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Getting educated


Jaguars veteran offensive lineman Maurice Williams enjoyed his trip back to college two years ago so much that he has decided to return again. Williams is one of 95 NFL players to enroll in the 2009 NFL Business Management and Entrepreneurial Program, an initiative designed to assist players for their post-playing careers. The program is a joint partnership between the NFL, the NFLPA and the country's most elite business schools.

Williams is enrolled in the workshop at the Wharton School of the University of Pennsylvania. In 2007, Williams attended classes at the Stanford Graduate School of Business as part of the program. The program at the Wharton School focuses on financial analysis, entrepreneurship, stock market investing, risk management and community reinvestment with an emphasis on real estate. The program is delivered in two three-day modules beginning March 1-4 and again from March 30-April 1.

"It's invaluable information," Williams said. "It's information that is very practical. You get a chance to talk with your instructors and the instructors are people that are actually in the field and have been successful at their respective trade. They are teaching us right from their life experiences."

Player enrollment criteria include level of education, professional business experience, interest in starting, owning, or managing a business, and leadership and community involvement.

In addition to the University of Pennsylvania and Stanford, other workshops are held at the Kellogg School of Management (Northwestern) and Harvard Business School. Since the program's 2005 inception, 407 players have participated in sessions at the four business schools.

Jaguars running back Alvin Pearman (pictured far right) is enrolled at the Kellogg School of Management. The program focuses on developing and selling a brand and evaluating franchise opportunities.

Williams enjoyed the format at Stanford and is looking to broaden his knowledge in March.

"It will help answer some questions I have about finance and real estate," Williams said. "This is a good opportunity to get many of my questions answered and learn some new things that I never thought of before."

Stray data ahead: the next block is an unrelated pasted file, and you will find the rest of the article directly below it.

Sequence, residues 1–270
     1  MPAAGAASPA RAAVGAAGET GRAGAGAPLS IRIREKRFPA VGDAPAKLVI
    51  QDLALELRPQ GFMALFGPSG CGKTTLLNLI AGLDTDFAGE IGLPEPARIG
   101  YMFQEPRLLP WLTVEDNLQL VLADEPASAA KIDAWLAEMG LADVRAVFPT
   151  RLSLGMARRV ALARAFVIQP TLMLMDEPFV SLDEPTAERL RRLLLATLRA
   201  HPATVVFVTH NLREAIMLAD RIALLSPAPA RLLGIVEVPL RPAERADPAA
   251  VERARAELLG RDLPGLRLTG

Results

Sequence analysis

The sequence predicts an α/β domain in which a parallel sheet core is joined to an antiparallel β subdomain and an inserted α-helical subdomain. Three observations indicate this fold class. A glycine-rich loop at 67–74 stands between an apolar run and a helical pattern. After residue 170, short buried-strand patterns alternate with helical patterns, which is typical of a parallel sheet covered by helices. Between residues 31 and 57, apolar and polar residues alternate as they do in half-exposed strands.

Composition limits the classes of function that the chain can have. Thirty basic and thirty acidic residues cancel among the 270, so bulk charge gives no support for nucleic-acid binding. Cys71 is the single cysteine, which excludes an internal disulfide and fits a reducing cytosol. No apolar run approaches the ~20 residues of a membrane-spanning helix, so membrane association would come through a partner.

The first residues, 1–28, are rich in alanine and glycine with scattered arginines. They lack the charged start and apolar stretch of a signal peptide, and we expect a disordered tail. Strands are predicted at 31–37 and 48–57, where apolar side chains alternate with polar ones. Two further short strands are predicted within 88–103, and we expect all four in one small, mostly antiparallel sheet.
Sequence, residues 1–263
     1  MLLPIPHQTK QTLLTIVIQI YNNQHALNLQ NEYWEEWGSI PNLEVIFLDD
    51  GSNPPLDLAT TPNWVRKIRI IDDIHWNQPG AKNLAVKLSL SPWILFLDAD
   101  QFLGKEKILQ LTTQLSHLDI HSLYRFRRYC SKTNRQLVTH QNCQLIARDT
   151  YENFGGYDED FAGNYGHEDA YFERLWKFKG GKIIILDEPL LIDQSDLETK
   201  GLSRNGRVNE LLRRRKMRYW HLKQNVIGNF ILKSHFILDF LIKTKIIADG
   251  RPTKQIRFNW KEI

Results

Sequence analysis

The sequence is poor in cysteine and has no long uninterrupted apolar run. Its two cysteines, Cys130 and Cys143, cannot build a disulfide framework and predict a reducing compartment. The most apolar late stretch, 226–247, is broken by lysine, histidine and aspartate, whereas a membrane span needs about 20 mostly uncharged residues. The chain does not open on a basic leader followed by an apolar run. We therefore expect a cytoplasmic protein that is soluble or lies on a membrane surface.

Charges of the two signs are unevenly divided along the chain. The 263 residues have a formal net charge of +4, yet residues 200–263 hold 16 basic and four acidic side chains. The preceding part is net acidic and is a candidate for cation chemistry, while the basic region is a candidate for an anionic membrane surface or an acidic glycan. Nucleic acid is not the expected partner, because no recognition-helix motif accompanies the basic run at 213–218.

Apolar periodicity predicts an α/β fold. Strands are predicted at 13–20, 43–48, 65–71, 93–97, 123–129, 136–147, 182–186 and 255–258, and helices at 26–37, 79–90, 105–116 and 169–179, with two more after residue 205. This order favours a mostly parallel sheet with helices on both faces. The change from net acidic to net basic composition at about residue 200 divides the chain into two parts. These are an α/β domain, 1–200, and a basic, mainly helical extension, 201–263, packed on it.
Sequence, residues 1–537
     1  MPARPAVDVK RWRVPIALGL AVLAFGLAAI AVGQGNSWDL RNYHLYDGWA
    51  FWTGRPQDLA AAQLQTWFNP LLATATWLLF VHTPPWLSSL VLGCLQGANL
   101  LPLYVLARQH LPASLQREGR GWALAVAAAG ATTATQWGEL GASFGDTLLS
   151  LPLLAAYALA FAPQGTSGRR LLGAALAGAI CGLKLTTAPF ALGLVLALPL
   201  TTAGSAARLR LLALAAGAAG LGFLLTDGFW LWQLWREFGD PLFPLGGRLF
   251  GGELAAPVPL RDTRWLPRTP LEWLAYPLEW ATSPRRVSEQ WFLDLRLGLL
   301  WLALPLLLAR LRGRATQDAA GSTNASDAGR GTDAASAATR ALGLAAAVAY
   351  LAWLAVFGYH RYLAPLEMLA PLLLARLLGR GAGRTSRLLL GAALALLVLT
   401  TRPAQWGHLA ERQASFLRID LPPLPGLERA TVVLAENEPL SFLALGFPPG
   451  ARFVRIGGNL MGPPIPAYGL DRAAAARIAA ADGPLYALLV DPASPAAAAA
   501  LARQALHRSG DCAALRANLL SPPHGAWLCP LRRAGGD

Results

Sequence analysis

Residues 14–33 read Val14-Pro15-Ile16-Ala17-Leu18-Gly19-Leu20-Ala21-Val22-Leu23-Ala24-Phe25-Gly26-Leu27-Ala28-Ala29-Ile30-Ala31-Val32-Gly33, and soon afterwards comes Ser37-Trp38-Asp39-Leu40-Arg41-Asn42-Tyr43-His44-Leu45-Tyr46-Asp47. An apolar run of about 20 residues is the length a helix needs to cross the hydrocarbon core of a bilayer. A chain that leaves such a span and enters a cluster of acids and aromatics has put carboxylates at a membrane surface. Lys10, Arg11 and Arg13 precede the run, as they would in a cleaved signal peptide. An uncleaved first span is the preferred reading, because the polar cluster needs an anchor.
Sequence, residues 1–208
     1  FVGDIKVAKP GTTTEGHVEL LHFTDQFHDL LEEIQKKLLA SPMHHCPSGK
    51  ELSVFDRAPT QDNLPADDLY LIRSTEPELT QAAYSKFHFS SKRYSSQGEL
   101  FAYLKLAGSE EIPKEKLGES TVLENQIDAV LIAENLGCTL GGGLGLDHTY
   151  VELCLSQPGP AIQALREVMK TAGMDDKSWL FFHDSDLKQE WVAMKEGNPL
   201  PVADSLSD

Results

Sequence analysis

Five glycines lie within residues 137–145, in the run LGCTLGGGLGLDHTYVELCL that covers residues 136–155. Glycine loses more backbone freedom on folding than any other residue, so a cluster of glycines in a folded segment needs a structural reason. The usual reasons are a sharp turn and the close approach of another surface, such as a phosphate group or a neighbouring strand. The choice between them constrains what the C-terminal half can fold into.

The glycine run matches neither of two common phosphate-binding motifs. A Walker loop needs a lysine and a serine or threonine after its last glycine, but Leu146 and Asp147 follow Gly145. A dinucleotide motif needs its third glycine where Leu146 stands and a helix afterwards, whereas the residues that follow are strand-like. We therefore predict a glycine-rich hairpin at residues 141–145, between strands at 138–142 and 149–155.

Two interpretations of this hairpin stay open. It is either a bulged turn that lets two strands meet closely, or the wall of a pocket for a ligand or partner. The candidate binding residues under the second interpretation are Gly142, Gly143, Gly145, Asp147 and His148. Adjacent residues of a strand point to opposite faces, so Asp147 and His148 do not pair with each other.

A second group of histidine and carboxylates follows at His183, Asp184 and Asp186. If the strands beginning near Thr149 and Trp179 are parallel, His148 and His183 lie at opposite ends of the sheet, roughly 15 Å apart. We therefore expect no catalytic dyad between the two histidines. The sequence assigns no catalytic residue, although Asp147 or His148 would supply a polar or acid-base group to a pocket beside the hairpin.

Williams has a strong interest in real estate business and is using each offseason to get "a little more knowledge" of the business world. He was an intern at Merrill-Lynch in Jacksonville during the 2005 offseason.

To prepare for his classes at the end of the month, Williams was sent a packet of information and will spend time completing all the required forms and reading online over the next couple of weeks. During the follow-up session in late March, attendees work on directed as well as individual real estate, entrepreneurial and personal finance projects during the month between the program's two sessions.

Williams, 6-5, 302, is in Jacksonville preparing for his ninth season in the NFL after being selected in the second round of the 2001 draft. He was placed on injured reserve in 2008 after suffering an injury in the season-opener at Tennessee. He is looking forward to his time in school, but knows his place right now.

"I'm just positioning myself for the future," Williams said, "just taking it one step at a time. I don't want to get too far ahead of myself and lose focus on what's in front of me. I am just making sure I am preparing myself but at the same time not taking away from what I am concentrating on right now, which is playing the game of football."

The toughest part of the experience will be attending classes without his family.

"It's a pretty intense three days," Williams said. "It's not just getting away for a weekend and going on vacation. You are in school. It's tough being away from my wife and two kids. It pulls on the heartstrings."

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